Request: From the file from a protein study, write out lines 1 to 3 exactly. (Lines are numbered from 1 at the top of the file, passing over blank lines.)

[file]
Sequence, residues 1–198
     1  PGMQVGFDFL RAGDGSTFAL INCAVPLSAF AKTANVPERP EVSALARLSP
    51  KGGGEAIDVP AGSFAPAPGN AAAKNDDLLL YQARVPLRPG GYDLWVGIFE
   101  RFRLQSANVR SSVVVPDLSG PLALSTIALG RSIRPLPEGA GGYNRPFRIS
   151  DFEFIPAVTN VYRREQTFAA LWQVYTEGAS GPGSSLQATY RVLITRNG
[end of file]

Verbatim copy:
Sequence, residues 1–198
     1  PGMQVGFDFL RAGDGSTFAL INCAVPLSAF AKTANVPERP EVSALARLSP
    51  KGGGEAIDVP AGSFAPAPGN AAAKNDDLLL YQARVPLRPG GYDLWVGIFE